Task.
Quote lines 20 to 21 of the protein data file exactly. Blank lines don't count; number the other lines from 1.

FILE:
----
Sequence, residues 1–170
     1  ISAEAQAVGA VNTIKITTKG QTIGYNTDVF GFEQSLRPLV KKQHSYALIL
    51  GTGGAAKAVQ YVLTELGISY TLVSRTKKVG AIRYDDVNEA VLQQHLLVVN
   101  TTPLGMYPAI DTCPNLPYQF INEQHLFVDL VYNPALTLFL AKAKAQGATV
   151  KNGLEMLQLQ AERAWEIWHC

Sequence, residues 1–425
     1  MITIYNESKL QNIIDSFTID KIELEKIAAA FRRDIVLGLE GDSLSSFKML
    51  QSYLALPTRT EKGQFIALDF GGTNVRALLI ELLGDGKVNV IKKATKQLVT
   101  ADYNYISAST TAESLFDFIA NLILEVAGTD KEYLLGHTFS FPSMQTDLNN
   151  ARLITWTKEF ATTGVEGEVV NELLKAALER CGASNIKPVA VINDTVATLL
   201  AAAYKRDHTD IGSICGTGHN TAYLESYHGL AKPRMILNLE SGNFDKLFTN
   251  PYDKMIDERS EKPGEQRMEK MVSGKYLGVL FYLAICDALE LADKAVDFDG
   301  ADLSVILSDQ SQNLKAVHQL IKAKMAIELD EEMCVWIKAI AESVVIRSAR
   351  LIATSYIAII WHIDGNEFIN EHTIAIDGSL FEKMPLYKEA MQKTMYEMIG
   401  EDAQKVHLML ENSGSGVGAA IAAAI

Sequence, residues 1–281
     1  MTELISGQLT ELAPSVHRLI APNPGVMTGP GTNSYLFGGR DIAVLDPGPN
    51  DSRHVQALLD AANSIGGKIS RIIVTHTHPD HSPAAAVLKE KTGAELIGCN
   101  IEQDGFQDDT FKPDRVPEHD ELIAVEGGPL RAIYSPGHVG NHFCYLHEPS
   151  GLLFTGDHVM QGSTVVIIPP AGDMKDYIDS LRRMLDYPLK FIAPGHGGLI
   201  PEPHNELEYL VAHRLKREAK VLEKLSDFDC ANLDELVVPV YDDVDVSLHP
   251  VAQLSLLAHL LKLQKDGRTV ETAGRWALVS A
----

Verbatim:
   151  GLLFTGDHVM QGSTVVIIPP AGDMKDYIDS LRRMLDYPLK FIAPGHGGLI
   201  PEPHNELEYL VAHRLKREAK VLEKLSDFDC ANLDELVVPV YDDVDVSLHP